Glanzmann's thrombasthenia (GT) is a very rare, congenital, bleeding diathesis first described by Dr Eduard Glanzmann in 1918, who identified this disease in children from a village high in Swiss Alps where marriages between close relatives were in practice. It affects about one in every million people with only 130 cases reported till 1969. [1],[2] It is an autosomal recessive platelet disorder, prevalent in populations where consanguineous marriages are common. [3],[4] It affects males and females equally since the gene responsible for GT is carried on the long arm of chromosome 17(17; q 21-22) one of the 22 pairs of autosomal chromosomes, in humans. [1],[3] It is characterized by prolonged bleeding time, while platelet count, and morphology as well as prothrombin time (PT) and partial thromboplastin time (PTT) remains unaffected. [3],[4] GT is caused by the qualitative and quantitative defects of the platelet membrane glycoproteins IIb-IIIa (α IIbβ3 ) complex which are fibrinogen receptors required for fibrinogen dependent platelet-to-platelet aggregation. [2],[5],[6]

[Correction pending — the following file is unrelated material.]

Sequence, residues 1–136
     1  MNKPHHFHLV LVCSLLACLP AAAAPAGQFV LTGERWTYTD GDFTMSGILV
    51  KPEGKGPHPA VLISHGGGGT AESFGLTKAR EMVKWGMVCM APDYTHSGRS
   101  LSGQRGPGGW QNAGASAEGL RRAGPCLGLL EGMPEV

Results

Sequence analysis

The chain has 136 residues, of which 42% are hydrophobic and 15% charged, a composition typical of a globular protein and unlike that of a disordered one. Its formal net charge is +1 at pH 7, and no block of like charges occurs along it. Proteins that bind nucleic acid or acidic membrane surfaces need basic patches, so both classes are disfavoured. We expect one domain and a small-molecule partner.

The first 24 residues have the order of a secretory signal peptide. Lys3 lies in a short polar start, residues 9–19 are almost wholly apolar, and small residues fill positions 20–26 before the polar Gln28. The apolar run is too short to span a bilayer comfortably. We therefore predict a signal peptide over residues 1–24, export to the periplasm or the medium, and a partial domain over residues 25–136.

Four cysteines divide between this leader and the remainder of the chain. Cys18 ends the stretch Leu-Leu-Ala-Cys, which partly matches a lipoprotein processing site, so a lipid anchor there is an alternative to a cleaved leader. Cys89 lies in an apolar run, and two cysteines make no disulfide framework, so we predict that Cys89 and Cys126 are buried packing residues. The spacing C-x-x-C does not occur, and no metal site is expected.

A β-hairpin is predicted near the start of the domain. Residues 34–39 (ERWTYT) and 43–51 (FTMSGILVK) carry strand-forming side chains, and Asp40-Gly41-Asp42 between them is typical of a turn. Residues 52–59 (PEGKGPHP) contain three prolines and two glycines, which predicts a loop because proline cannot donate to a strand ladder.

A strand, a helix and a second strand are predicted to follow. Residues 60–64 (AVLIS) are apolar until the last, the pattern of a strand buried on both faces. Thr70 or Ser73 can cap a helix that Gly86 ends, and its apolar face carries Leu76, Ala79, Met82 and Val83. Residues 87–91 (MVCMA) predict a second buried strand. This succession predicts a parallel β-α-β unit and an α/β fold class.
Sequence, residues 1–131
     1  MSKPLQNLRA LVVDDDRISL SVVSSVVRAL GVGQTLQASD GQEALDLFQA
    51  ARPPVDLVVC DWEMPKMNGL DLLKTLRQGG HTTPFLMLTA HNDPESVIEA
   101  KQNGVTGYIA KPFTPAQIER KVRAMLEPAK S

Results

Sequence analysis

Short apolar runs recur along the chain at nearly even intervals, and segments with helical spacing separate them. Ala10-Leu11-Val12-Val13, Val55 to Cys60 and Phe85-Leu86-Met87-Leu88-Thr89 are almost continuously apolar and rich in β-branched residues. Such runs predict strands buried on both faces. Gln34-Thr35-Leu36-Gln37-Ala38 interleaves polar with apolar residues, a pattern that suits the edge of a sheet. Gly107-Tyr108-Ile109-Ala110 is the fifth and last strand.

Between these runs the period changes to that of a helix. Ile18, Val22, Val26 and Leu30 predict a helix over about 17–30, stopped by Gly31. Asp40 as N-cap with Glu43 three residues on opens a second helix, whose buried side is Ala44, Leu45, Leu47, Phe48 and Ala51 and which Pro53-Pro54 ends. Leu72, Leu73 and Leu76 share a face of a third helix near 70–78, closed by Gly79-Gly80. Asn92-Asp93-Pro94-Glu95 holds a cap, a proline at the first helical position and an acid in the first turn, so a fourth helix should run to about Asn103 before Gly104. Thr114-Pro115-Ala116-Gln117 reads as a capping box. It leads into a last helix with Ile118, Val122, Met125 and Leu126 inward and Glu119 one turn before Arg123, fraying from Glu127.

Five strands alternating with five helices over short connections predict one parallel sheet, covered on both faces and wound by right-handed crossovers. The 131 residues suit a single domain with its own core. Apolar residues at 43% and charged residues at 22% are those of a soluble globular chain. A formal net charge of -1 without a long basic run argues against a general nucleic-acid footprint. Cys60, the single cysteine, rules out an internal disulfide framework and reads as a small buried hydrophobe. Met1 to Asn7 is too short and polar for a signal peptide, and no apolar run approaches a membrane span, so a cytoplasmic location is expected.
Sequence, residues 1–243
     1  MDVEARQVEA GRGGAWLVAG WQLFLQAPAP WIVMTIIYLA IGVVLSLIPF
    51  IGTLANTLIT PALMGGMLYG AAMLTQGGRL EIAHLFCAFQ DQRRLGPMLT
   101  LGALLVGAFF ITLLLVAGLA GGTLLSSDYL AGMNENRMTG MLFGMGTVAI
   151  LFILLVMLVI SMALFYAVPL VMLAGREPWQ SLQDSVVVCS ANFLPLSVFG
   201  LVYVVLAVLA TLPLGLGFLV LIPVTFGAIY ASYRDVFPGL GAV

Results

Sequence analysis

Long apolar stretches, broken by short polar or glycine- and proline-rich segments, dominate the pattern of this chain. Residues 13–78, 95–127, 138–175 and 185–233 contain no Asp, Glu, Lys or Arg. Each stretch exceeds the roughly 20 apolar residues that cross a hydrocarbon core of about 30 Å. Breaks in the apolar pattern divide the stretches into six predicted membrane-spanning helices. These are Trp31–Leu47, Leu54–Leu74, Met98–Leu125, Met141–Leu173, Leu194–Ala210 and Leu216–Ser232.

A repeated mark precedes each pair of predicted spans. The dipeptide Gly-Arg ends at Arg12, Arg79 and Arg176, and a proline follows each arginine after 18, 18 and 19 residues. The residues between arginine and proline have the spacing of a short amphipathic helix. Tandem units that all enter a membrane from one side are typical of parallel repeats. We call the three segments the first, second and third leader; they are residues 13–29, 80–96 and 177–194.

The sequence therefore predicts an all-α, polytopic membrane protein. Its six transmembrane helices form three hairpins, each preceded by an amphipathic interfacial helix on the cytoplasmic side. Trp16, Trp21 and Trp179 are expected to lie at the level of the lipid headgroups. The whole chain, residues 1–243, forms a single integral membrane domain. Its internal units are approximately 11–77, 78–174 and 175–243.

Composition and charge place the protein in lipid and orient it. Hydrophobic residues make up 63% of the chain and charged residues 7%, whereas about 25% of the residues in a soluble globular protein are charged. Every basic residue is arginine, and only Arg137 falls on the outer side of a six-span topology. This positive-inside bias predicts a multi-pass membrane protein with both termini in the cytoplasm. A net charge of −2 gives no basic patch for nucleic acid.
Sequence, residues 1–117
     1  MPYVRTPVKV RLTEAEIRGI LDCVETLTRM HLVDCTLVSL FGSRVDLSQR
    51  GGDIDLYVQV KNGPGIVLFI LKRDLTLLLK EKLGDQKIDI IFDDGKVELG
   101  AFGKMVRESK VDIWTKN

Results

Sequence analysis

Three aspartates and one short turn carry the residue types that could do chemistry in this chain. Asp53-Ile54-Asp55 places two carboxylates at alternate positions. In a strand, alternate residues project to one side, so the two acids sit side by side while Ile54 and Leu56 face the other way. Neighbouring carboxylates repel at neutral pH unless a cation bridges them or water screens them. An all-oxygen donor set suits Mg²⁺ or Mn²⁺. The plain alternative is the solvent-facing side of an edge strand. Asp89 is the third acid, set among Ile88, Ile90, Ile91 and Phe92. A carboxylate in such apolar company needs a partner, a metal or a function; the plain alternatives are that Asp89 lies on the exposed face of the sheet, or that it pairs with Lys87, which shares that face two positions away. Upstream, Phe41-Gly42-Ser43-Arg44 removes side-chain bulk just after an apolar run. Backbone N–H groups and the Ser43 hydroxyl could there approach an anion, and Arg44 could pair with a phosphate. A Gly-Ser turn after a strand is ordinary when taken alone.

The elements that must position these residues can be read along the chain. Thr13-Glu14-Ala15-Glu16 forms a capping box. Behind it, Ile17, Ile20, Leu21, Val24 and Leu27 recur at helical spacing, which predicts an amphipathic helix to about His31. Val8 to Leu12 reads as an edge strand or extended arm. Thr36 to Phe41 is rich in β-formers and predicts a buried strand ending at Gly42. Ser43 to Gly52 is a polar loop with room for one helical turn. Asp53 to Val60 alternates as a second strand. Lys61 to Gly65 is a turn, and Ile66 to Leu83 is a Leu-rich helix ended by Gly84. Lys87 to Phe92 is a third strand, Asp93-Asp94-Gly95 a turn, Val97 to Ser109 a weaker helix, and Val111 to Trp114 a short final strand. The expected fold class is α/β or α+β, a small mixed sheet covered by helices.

Clinical features

Mucocuteanous bleeding, gingival hemorrhages, menorrhagia, gastrointestinal bleeding, hematuria, muscle hemangioma, and hemarthroses can be seen in patients with GT. Brain hemorrhage is rare. Prolonged bleeding can occur from dental extractions, superficial injuries, surgeries, and during postpartum. Very good prognosis is seen with supportive care and as the age increases, the severity of bleeding decreases. [1],[2],[3],[4],[5]

   Case Report Top

An 11-year-old girl reported with hard swelling on the right maxillary arch noticed since a month which was enlarging [Figure 1]. She was the first daughter of a nonconsanguineous marriage, but parents were from a community where consanguineous marriages were common. They gave no family history of any bleeding disorder. She had history of purpuric patches since birth, prolonged bleeding after vaccination, and primary tooth extraction, gingival, and mucocutaneous bleeding [Figure 2] and an episode of gastrointestinal bleed in 2007 and was diagnosed to have GT. Past hematological evaluation reports showed prolonged bleeding time, decreased clot retraction, and abnormal platelet aggregation response to physiologic stimuli. Platelet counts and morphology were normal. Her immunization schedule was complete and she had achieved all the milestones of growth at the correct time.